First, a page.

While I was in college I decided that if I were to enter into the Anabaptist tradition, it would have to be a cautious entry.  My concern is one of authentic discipleship over religious-cultural designations.  I call myself an Anabaptist, but not because that’s the tradition that was handed down to me by my parents, but because it is the tradition that stands to best cultivate what the Spirit seems to be stirring in me.  My journey is about what God is doing so that I may be more conformed into the image of his Son, not hiding behind religious designations so as to avoid the pressing questions of what it means to really follow Jesus.

So here I sit, also concerned about being lumped in with people who identify with an Anabaptist heritage, but who are functionally agnostic, pluralistic, or other.  And amidst that concern, I realize that my worry is sometimes more about how I might be perceived among my Evangelical peers.  So I’m trusting that the Spirit will guide me into all truth and that Christ will be at the center of whatever tribe I find myself journeying with.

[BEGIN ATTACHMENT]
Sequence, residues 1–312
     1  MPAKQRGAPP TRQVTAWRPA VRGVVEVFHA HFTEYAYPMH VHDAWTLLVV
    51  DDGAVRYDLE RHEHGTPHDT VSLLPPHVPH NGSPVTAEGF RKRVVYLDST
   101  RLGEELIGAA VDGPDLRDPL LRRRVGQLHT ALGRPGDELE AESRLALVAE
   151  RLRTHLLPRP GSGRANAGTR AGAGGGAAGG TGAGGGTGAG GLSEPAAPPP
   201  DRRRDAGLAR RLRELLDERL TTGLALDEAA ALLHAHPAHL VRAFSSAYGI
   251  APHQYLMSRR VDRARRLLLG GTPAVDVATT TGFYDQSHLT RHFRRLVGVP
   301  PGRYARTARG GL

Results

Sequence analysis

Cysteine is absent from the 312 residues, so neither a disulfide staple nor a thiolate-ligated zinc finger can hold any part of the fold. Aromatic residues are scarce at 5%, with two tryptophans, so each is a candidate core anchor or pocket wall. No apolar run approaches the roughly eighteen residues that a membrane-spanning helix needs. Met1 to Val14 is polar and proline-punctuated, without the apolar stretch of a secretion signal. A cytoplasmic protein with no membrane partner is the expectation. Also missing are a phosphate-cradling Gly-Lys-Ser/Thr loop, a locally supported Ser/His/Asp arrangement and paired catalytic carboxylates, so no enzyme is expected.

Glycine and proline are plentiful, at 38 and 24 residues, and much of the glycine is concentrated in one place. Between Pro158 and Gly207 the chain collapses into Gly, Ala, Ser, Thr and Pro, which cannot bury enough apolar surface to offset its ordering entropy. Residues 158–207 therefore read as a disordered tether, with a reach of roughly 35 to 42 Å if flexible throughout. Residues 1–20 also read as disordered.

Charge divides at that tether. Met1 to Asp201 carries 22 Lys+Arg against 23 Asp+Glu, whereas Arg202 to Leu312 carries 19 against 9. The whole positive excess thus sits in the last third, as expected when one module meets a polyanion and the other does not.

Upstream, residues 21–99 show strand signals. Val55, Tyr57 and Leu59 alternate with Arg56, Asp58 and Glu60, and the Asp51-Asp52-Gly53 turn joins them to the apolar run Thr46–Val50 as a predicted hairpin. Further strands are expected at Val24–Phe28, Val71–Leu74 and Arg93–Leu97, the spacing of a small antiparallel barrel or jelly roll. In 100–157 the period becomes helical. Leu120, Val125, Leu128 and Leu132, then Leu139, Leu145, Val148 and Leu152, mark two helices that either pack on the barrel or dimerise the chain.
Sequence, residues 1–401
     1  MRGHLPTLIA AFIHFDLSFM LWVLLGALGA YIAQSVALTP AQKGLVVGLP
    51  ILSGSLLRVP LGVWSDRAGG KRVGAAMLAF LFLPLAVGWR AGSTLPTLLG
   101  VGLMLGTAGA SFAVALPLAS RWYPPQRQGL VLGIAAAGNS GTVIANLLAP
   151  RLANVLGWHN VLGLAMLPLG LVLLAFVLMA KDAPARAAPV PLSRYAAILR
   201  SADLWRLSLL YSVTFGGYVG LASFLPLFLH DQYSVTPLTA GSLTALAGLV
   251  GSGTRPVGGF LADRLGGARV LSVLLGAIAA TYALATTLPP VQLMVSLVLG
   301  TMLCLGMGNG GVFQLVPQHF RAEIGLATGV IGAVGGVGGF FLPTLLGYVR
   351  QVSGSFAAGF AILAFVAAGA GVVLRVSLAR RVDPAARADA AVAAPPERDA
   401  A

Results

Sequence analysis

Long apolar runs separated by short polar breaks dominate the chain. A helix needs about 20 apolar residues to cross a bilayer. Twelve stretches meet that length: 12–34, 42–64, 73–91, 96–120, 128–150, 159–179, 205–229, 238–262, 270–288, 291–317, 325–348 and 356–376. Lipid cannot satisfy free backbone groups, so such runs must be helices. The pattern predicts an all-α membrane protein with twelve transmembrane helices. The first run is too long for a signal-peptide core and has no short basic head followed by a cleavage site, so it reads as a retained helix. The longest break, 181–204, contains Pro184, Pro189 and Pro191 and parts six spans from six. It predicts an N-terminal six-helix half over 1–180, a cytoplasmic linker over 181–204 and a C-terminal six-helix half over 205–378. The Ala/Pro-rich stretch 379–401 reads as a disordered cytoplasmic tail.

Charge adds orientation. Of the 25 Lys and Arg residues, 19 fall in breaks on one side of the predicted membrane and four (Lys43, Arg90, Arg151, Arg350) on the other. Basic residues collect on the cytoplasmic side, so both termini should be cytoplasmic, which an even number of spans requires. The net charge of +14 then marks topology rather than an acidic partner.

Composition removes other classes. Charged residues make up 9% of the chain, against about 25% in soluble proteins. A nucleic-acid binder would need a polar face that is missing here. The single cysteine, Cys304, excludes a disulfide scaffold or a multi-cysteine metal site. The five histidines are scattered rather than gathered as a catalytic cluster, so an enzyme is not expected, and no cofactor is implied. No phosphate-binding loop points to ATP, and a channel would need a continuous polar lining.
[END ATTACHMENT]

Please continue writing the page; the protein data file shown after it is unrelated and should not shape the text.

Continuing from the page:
Still more to come…


Evangelical Anabaptist: my journey so far…

Faith traditions can be a funny thing when it comes to talking about how folks identify themselves.  Denominational or theological heritage can be for many a simple matter of family heritage i.e., “My great grandparents were Baptists so I’m a Baptist.”  This generational default seems to be the prevailing occurrence for many of my Christian friends.  Others sort of “fall into” a tradition without much thought as to why they join one faith community over another.  I have a few family members who are members of a United Methodist congregation, but were not looking to specifically join that tradition.  They simply attended, felt welcomed, and stayed.